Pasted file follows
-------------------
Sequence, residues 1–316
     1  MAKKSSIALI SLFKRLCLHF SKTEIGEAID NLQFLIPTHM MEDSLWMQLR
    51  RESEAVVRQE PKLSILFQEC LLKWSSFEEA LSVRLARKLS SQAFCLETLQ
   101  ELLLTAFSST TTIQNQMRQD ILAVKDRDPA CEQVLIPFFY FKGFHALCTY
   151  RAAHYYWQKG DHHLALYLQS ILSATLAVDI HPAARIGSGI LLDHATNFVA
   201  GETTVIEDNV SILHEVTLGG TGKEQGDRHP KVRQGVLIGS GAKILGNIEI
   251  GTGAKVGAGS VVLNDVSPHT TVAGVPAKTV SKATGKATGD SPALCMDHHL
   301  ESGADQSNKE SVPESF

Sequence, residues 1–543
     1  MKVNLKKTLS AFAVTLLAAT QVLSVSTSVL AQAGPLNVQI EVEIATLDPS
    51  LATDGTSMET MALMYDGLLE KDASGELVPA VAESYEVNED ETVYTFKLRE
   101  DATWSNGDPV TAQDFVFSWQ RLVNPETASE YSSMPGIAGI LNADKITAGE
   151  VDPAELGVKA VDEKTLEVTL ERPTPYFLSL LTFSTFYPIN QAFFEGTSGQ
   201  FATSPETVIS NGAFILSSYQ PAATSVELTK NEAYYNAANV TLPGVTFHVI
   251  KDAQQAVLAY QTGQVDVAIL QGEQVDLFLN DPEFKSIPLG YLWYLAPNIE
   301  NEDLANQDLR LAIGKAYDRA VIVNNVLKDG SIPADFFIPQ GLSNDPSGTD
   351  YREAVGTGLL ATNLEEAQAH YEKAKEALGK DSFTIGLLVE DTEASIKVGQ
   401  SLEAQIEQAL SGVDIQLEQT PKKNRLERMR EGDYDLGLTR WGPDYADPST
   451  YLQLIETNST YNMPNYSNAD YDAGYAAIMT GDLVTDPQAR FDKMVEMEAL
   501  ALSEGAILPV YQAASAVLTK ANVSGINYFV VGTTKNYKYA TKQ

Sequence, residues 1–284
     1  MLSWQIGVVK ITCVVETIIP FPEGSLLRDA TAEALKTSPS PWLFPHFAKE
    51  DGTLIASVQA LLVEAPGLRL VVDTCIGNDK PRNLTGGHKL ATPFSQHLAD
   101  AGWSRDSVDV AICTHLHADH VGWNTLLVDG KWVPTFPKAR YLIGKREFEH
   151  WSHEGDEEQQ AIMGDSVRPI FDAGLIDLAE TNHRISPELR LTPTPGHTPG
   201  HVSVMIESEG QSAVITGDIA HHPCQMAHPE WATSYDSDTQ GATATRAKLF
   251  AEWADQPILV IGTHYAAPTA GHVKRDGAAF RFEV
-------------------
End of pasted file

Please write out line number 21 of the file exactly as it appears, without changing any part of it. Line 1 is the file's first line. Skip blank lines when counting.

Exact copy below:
Sequence, residues 1–284